Response: Joint Committee on Human Rights call for evidence on Legal Aid

By: John Gallagher  Published: October 2013


Shelter is responding to a call for evidence on Legal Aid reform from the Joint Committee on Human Rights. Legal Aid reform proposals could have the effect of increasing the number of homeless people. They raise human rights issues of fundamental significance to access to justice and the rule of law.

Summary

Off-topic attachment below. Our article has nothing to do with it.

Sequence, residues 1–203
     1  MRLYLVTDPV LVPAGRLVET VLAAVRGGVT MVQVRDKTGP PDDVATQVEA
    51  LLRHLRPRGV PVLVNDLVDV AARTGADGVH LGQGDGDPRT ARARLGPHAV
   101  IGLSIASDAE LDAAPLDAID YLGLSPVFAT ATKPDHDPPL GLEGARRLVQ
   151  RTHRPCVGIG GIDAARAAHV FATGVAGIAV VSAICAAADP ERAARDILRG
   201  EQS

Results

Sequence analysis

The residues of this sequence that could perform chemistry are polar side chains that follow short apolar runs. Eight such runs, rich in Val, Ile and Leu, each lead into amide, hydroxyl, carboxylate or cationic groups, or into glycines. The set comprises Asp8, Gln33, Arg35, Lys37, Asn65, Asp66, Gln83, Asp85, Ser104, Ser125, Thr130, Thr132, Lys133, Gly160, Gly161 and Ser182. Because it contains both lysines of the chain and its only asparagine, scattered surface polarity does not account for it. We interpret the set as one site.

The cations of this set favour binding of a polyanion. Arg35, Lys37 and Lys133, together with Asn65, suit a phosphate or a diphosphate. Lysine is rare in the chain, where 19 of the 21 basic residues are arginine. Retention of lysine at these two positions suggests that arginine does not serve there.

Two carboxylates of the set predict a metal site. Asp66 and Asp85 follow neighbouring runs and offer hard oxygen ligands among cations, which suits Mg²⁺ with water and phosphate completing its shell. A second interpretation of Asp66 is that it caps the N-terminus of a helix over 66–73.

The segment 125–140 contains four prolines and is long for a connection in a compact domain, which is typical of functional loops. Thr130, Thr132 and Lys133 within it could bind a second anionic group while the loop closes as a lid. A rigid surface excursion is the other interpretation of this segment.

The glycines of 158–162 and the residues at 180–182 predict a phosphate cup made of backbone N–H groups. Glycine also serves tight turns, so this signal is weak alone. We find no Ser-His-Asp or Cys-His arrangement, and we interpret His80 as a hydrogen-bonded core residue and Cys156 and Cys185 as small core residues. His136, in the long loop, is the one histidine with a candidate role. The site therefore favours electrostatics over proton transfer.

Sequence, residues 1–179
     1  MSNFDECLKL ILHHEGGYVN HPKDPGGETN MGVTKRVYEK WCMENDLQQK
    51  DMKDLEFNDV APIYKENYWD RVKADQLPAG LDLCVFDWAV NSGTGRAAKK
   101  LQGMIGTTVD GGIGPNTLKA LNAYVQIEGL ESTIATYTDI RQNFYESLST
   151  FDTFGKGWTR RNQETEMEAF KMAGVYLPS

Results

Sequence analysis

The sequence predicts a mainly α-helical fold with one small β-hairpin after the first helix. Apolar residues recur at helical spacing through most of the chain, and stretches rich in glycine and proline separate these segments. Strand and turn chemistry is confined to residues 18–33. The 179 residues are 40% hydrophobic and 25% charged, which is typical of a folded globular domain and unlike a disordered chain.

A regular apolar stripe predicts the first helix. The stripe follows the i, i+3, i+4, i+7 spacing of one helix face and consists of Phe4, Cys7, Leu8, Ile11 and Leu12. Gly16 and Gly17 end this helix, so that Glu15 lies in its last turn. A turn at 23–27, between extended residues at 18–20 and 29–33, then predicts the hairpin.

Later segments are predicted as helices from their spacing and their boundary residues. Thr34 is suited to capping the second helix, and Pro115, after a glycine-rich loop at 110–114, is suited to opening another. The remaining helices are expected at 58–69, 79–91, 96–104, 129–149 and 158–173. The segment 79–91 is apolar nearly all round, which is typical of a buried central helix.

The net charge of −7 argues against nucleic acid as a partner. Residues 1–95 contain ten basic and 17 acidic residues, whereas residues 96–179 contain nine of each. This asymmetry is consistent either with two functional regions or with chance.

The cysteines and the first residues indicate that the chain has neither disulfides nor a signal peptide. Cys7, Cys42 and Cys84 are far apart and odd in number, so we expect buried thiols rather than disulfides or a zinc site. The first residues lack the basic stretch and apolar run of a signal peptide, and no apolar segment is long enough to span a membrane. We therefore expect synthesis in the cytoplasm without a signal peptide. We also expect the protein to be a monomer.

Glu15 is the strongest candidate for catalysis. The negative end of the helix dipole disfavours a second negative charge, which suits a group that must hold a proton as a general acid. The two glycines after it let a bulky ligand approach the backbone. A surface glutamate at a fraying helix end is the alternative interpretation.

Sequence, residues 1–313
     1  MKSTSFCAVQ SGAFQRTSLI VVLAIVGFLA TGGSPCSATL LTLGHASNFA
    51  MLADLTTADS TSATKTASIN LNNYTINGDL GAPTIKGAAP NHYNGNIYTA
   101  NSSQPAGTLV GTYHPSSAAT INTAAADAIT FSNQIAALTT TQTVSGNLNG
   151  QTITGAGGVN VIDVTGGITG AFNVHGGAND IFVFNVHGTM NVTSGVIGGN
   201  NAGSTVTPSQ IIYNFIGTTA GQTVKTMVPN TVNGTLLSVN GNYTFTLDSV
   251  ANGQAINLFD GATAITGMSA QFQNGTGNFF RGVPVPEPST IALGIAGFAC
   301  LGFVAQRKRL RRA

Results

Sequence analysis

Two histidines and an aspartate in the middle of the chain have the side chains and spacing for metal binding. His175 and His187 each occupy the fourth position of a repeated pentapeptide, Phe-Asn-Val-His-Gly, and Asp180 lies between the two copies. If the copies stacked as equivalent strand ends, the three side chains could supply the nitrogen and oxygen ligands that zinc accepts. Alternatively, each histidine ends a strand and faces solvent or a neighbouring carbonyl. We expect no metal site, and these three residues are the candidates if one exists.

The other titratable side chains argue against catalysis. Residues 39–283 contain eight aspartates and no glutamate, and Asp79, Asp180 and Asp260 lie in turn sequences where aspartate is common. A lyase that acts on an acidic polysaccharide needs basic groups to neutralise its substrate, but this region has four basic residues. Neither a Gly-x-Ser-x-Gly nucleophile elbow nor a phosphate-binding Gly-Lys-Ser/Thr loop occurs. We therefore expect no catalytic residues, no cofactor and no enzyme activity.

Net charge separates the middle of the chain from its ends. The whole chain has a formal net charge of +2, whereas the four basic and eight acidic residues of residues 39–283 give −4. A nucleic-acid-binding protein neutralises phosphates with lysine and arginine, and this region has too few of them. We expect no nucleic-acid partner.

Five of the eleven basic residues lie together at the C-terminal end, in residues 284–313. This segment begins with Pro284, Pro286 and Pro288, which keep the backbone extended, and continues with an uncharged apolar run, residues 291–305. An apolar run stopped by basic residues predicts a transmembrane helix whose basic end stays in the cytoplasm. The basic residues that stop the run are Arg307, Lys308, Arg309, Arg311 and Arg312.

Shelter welcomes the opportunity to submit evidence to the Joint Committee on Human Rights regarding the significant reforms that are being proposed to legal aid. More than one million people a year come to us for advice and support via our website, helpline and network of face-to-face services, including 25,000 people we see each year under legal aid contracts. At present we employ over 200 advisers and 40 solicitors to give advice and offer legal representation to the public. Our evidence is therefore rooted in the experiences of people we help every day, many of whom will be deeply affected by these changes. Shelter is extremely concerned about the current legal aid proposals and their effect on our homeless clients. These measures, if implemented, will take away a major part of the safety net that stands between families and the street.

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